F-16 Fighting Falcon News

AI defeats top Viper driver in DARPA’s dogfight contest

August 21, 2020 (by Lieven Dewitte) - A computer program easily beat a veteran U.S. F-16 pilot in five rounds of simulated F-16 flight combat during a competition intended to spur the development of artificial intelligence that helps pilots during aerial dogfights.

Screenshot from the online AlphaDogfight trials competition broadcasted on 20 Aug 2020.

A human pilot with more than 2,000 hours in the F-16 lost five straight dogfights against an artificial intelligence algorithm, in a competition organized by the US Defense Advanced Research Projects Agency (DARPA).

DARPA’s Air Combat Evolution (ACE) program pitted AI developed by eight companies – including Lockheed Martin – against each other, before the winner went up against a human pilot in the "AlphaDogfight trials" competition.

The AI program won all five rounds in under two minutes, showing the technology's promise. Identified only by his callsign 'Banger,' the pilot who is presumably with the 113 Fighter Wing, 121st Fighter Squadron at Joint Base Andrews outside of D.C., recently graduated from the F-16 Weapons Instructor course and already logged thousands of hours flying the Viper.

The contest had very simple rules, using only the jet’s guns rather than missiles. While the AI was bound by the physical limitations of the jet, it was not obligated to follow the Air Force’s rules and procedures for basic fighter maneuvers and angles of attack, enabling it to sweep 'Banger' from the sky every time. It was also able to react faster than the human pilot.

In the simulated dogfight, the F-16s were armed with essentially a laser beam that simulated the use of machine guns.

Although technology scored a resounding victory, the controlled conditions of the F-16 simulation doesn't mean that the program could have beaten a human in real combat. Col. Daniel “Animal” Javorsek, who oversees the AI piloting program at DARPA, said the results come with "plenty of caveats and disclaimers."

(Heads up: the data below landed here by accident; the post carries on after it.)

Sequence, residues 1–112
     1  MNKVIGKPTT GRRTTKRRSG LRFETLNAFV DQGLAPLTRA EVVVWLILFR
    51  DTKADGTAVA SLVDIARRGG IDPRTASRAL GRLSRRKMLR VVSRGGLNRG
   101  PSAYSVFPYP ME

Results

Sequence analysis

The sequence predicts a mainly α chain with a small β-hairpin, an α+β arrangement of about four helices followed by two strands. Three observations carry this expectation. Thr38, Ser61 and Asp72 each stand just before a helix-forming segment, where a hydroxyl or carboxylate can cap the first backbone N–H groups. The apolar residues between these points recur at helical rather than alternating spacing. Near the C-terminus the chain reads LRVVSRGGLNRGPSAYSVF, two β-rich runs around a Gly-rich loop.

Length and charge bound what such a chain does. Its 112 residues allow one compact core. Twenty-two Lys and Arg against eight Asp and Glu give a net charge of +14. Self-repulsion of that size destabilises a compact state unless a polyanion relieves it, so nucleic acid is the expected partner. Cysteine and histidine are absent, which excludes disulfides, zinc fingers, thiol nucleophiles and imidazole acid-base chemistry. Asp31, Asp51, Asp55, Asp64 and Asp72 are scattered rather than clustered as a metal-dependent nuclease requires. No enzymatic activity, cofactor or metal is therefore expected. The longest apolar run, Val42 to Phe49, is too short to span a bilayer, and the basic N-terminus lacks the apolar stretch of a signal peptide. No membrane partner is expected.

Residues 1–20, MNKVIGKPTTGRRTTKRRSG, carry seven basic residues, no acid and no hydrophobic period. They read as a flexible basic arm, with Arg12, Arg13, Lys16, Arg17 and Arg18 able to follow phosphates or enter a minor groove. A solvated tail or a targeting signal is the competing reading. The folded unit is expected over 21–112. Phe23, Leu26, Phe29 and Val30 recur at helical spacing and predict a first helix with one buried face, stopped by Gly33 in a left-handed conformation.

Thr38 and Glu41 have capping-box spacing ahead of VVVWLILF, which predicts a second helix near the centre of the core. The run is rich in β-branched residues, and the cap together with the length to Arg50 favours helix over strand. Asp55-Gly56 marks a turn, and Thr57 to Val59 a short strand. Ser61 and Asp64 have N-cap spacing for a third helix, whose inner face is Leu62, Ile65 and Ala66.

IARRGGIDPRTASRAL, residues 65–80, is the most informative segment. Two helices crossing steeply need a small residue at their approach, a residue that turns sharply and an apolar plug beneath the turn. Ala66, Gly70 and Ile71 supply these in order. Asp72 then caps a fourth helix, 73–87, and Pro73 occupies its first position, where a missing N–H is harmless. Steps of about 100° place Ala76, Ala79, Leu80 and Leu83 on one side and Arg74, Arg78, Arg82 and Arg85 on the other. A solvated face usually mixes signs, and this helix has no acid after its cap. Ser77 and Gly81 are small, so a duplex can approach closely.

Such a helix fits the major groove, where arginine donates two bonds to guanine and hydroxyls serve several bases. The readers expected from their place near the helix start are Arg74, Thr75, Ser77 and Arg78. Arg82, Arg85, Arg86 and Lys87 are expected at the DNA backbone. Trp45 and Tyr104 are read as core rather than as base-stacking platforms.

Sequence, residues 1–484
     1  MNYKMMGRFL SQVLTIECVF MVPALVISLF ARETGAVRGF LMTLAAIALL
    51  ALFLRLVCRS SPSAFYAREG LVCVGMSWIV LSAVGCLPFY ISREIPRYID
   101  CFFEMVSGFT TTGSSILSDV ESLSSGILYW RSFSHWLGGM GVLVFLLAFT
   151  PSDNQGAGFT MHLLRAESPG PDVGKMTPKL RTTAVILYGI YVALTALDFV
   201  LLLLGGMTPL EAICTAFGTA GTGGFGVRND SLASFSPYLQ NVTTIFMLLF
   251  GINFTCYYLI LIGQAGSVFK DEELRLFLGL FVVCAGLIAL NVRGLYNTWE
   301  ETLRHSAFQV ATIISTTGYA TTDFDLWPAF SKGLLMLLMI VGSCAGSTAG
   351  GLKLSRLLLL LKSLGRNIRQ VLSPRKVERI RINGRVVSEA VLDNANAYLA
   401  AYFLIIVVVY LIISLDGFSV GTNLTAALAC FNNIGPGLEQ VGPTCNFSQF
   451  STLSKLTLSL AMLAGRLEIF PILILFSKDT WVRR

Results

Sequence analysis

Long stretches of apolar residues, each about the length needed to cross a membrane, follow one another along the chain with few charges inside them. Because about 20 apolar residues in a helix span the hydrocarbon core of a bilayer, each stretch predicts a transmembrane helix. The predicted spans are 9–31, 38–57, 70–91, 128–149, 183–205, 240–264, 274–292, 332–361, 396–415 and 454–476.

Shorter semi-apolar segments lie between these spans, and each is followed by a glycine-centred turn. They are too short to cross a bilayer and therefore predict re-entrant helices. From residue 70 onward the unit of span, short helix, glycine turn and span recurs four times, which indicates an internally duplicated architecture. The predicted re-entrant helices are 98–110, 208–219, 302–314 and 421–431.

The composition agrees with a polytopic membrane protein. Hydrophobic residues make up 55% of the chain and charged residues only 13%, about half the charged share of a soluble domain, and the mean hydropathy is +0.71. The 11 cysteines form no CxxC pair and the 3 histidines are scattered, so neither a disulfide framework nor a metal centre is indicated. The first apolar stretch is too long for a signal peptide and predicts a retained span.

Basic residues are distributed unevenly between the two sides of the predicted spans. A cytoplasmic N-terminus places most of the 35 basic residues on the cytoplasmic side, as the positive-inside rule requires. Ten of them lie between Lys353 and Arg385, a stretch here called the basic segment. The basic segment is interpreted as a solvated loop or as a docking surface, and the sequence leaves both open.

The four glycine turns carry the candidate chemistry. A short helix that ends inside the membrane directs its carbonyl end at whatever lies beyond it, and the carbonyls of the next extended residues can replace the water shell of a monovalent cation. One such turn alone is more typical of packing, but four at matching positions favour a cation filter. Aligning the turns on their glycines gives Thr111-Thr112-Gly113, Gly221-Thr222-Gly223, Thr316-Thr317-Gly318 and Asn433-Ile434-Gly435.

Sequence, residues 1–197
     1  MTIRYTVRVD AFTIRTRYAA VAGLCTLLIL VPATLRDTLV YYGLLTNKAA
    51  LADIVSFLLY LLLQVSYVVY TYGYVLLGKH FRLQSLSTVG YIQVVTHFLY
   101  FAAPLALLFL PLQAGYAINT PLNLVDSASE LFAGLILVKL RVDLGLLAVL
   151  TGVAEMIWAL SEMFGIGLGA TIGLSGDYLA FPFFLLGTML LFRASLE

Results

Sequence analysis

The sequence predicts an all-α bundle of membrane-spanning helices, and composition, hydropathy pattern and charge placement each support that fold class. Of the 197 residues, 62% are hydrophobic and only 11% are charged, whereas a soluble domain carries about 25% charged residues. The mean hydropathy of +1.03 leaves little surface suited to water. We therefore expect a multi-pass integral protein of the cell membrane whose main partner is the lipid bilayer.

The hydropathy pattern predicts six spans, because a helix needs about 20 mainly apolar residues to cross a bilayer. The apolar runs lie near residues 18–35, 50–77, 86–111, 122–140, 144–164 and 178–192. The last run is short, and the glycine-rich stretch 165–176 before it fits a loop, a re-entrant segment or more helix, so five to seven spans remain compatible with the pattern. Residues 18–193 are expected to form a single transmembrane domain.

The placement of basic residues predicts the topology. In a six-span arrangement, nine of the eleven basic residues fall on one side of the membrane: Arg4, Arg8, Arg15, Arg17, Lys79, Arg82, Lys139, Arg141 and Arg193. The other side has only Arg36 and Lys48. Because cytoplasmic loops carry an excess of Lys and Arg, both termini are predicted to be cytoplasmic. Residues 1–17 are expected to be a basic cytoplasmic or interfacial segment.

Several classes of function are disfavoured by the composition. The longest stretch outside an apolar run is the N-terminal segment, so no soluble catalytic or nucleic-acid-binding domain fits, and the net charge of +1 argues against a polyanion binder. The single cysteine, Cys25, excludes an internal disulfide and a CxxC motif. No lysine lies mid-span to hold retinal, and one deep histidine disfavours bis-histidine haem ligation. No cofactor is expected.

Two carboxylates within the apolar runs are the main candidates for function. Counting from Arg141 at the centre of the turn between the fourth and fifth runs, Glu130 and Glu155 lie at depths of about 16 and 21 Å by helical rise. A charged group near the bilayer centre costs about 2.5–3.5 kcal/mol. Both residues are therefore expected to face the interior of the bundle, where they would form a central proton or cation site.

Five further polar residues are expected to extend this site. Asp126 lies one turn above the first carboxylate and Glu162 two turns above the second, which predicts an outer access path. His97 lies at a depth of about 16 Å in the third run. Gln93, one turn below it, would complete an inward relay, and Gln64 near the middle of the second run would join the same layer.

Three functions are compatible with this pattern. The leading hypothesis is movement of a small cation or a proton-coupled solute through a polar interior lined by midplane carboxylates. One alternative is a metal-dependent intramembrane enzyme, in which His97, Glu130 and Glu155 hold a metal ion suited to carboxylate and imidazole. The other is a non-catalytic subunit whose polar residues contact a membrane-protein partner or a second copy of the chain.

The trials were all about increasing trust in AI,' Javorsek said. 'If the champion AI earns the respect of an F-16 pilot, we'll have come one step closer to achieving effective human-machine teaming in air combat, which is the goal of the ACE program,' he said.

The Air Force hopes that a fighter drone piloted by AI would be able to react faster to opponents, as well as conduct harder, faster maneuvers that would be impossible with a human on board, as they would overwhelm the body.

“We envision a future in which AI handles the split-second maneuvering during within-visual-range dogfights, keeping pilots safer and more effective as they orchestrate large numbers of unmanned systems into a web of overwhelming combat effects,” Col. Javorsek said in a 2019 press release.

DARPA is the agency that played a key role in developing the Internet and has focused on encouraging AI in recent years.

The agency helped stimulate the development of self-driving cars with a series of obstacle course challenges starting in 2004. More recently, it helped develop an autonomous ship that sailed from San Diego to Hawaii without human intervention.

In addition to Heron and Lockheed, Aurora Flight Sciences, EpiSys Science, Georgia Tech Research Institute, Perspecta Labs, PhysicsAI, and SoarTech also took part in the competition.

Watch the AlphaDogfight Trials Final Event, which was streamed live on thursday.


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